Often, it feels like the last bit of luck graced upon the San Francisco 49ers was the moment the lights went out during Super Bowl XLVII. In the Superdome's darkness, the team regrouped and almost overcame a 22-point deficit.

Years later, after firing a few coaches, a general manager, and conducting a sage burning ritual, the prayers of a soul-crushed fan based were rewarded with John Lynch, Kyle Shanahan, and Robert Saleh.

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Even under new leadership, the 49ers' locker room is still haunted by an evil spirit hungry for knee ligaments, hamstrings, and damaged soft tissue.

Quarterback Jimmy Garoppolo's injury crushed any hope for a .500 record. It's bad enough now that some fans are talking about tanking to land another high draft position.

I roundly disagree, though I do not expect the 49ers to win more than five games.

I expect more from Shanahan than planning a future on purposeful failure and blind faith; I want Shanahan to lead the 49ers to their finest hour.

But be the ordeal sharp or long, or both, we shall seek no terms, we shall tolerate no parley; we may show mercy—we shall ask for none.Winston Churchill. Broadcast. July 14, 1940.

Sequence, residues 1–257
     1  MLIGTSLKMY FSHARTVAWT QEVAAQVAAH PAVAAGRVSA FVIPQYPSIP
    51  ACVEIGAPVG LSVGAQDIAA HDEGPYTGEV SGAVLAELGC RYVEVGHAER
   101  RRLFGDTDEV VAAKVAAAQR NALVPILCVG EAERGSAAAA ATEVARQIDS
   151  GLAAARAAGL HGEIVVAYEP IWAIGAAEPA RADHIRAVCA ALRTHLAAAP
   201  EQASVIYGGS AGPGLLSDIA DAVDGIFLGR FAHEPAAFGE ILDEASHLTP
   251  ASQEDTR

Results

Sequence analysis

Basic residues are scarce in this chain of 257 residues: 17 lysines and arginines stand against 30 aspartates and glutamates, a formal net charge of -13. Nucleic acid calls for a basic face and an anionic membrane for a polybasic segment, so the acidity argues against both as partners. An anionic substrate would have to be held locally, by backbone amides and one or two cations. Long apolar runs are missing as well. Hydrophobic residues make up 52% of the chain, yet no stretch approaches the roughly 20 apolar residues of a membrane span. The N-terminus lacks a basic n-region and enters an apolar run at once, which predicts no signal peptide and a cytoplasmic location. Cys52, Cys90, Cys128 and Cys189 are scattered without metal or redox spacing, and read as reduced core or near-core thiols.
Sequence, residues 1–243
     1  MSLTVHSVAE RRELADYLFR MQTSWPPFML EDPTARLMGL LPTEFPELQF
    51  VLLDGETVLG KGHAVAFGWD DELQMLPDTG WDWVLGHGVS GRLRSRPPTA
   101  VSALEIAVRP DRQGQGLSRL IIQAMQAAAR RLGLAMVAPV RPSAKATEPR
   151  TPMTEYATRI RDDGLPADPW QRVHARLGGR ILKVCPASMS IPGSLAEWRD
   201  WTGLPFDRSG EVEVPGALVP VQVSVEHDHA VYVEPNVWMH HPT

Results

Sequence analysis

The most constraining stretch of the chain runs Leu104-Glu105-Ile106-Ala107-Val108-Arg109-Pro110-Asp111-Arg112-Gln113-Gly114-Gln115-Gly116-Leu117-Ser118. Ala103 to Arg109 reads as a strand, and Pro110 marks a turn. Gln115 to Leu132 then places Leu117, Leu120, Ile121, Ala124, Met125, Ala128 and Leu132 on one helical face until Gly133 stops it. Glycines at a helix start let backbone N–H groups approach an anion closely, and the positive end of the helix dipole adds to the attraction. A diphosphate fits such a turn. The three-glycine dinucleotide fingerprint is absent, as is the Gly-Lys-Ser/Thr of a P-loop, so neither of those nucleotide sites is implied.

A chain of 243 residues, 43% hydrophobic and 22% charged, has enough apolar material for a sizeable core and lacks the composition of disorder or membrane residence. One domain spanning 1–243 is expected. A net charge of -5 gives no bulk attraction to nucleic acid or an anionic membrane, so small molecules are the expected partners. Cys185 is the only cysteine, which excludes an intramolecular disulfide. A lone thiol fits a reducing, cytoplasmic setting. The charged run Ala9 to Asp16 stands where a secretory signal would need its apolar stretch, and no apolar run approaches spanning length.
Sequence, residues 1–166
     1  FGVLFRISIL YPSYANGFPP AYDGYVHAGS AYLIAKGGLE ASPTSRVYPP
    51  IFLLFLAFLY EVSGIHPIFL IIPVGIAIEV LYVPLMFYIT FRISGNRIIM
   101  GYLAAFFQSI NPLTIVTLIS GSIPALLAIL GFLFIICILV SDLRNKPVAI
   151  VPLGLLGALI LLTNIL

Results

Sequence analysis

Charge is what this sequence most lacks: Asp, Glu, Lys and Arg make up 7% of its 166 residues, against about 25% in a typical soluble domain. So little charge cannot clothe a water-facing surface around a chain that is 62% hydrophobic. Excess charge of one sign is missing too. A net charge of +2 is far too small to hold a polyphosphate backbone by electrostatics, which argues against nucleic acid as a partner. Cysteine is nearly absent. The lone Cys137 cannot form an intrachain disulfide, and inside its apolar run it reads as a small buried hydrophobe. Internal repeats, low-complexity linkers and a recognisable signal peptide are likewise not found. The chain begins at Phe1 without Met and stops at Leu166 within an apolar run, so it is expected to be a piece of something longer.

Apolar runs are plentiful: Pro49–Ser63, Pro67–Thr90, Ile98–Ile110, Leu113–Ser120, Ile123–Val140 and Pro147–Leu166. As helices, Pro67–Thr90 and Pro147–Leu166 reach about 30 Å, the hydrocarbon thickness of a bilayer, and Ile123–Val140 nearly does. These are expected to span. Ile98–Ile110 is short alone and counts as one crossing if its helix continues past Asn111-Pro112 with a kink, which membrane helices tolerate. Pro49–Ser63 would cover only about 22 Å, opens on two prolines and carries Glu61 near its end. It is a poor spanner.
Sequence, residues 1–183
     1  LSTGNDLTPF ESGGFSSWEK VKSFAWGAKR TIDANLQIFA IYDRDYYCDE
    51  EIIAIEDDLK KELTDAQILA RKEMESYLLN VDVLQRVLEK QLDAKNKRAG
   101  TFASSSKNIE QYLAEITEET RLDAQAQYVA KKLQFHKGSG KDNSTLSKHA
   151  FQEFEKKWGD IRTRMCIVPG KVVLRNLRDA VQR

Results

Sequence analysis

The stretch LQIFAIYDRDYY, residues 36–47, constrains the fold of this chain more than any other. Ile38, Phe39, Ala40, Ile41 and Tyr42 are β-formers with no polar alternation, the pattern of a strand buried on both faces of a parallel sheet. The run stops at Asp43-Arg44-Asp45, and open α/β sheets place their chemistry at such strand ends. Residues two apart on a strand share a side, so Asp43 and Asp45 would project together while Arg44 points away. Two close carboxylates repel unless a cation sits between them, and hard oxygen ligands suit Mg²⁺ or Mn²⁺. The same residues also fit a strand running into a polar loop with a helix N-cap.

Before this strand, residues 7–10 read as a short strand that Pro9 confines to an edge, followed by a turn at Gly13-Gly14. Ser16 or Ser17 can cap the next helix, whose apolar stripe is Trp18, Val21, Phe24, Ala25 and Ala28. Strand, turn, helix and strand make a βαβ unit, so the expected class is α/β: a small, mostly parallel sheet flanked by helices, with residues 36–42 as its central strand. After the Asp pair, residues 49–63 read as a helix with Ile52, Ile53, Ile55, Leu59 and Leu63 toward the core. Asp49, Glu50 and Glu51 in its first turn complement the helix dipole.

Moral victories in professional sports are as worthless as a participation ribbon and an after-game snack of orange wedges and Shark Bites.

The Shanahan-led 49ers cannot accept a moral victory and fans should not either. Scoring a late 21 points to counter an opponent's 35 is not a celebration. Looking better while losing to the Packers by 28 points isn't a reason to applaud the effort.

Shanahan should want his team to face the best competition for the remainder of the season. If the 49ers get shut out in December because each rival squad is fighting for playoff positions, then that's the obstacle the team must overcome. Coach the team to be a spoiler and ruin the purchased dreams of the Los Angeles Rams.